Gathan Beaga

happy trails in (roto-)vegas

School holidays… so last week we were up in the Rotorua area, sharing a lovely crib (sorry, “bach”) on the shores of Lake Tarawera with our cycling friends from back on the Rail Trail.

Clouds, Central North Island

This was our view.

Tarawera is pretty impressive, and always catches the light in interesting ways, especially in the evening. The lake was cold and clear, but that did not deter the kids who went for a swim anyway; and there were kayaks for everyone else (except me - I’m not really one for getting on the water, though I do like looking at it).

Maps, Rotorua Mountain Bike ParkWe also had our bikes with us and we’d heard that no trip to Rotorua is complete without a visit to the Mountain Bike Park right beside town. I hadn’t been on single track since my only disastrous visit to the Makara Peak Mountain Bike Park over two years ago - I have been riding instead around the open country 4WD trails west of the city, like the Skyline Trail.

I had collected some maps from the Redwoods Visitor Centre, including a rather cool microfibre cloth map handy for stuffing into a pocket, and so I plotted a roughly 15km route across the various logging roads from the Tikitapu (Blue Lake) side of the park through to the car parking area to get an idea of the lay of the land. Although I had been assured that the trail style in this park was more sweeping and “flowy” than Makara I didn’t want to take any chances.

I wish now that I did take some more chances.

Starting out in a cool frosty morning, we climbed hard to just about the highest point in the park, and I snapped a triumphal pic of a trail sign to email back to a co-worker trapped in the office back in Wellington.

Trail sign, Rotorua Mountain Bike Park

He sent back a dutifully envious email… but of course I hadn’t gone down any trails, I had just ridden past their entrances. Turns out that the joke was on me, as I later discovered that Split Enz was probably within my skill level.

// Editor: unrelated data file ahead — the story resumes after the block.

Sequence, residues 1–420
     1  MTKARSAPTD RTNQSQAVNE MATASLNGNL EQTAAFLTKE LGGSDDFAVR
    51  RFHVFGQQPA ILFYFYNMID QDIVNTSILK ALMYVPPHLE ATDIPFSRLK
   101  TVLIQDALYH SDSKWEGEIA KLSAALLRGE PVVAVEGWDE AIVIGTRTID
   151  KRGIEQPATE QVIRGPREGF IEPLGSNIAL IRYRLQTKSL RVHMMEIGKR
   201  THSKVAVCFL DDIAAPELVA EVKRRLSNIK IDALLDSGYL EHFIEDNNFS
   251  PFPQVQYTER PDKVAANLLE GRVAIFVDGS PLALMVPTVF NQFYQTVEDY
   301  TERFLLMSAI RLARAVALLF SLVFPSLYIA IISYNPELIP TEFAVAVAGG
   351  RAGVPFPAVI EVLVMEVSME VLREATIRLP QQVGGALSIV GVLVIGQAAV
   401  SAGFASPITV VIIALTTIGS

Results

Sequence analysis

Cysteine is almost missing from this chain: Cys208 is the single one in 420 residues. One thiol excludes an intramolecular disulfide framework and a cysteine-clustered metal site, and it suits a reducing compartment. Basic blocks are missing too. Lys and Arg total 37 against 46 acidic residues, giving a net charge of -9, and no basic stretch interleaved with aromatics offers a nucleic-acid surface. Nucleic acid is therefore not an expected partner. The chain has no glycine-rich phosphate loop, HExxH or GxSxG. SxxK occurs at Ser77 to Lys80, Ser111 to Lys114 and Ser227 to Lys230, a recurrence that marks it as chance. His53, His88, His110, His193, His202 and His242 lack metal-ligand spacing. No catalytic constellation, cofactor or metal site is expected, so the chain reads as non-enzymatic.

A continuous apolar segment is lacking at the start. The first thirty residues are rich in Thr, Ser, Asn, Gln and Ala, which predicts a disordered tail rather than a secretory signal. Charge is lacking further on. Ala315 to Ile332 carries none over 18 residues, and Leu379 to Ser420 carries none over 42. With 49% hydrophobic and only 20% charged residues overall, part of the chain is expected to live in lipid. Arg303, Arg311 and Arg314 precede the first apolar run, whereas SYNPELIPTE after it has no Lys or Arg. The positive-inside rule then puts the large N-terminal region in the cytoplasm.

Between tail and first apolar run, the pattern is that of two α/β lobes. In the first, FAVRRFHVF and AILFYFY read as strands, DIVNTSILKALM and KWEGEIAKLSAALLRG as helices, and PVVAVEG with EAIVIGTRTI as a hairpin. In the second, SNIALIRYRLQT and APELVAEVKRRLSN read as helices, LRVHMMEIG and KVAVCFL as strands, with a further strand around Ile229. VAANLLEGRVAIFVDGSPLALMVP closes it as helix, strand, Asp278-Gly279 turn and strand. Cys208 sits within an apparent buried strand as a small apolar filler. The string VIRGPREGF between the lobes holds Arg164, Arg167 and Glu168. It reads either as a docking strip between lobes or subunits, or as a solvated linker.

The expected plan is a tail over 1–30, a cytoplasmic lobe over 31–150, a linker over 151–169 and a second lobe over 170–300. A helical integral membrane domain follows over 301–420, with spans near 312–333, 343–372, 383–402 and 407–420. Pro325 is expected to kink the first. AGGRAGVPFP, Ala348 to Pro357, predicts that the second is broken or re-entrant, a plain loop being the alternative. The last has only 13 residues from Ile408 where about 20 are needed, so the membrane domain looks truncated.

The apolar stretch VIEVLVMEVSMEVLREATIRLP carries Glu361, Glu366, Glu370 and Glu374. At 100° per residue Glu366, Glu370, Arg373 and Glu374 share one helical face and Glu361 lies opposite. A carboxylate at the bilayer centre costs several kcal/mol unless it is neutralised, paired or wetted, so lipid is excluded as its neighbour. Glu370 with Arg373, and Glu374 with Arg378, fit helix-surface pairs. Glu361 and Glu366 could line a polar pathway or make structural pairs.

While we were traversing the park on the logging roads, the others were ripping around the trails close to the main carpark, and once we all met up for lunch the others had had enough and it was time to go.

Luckily I did get to have another visit one morning a couple days later and that was when I had one of those little revelations when one finds one is actually a little bit better at something than one thinks.

On this visit, we started out on Tahi, then did the Dipper twice because it was so much fun, sweeping around banked-up turns through the trees. Then we headed further up, where we got a bit lost trying to find a way to the lookout overlooking town and had a couple of good frights on a trail called the Tickler. At the end of that trail we consulted a map board, where a friendly local rider advised us to try Be Rude Not 2: more fast downhill sweeps around bermed tracks. We’d seen people come down it and it did seem like the best option for the last trail of session before meeting the kids at the luge.

This last track was insanely good, even for my level of expertise and general timidity. My co-rider thought he was on the wrong trail, because I had gotten so far ahead of him he couldn’t see me anymore. I waited for him at an intersection, heart pounding, a stupid grin on my face.

“Yeah”, I thought, “I get this now”.

It seemed a little bit of a shame to get saddled up and head to the luge for some processed (and expensive) entertainment but family holidays are all about this sort of small compromise. There will be another chance.

Since I’ve been back home I’ve been scoping out new trips (Dun Mountain sounds great once the kids are a bit more confident) and new gear and jargon (a 29” hardtail with Shimano Alfine internally geared hub is the current fantasy bike) but what I really need to be doing is more riding… and a return to Makara Peak.

Not today though. Wellington wind, Wellington rain: Winter.

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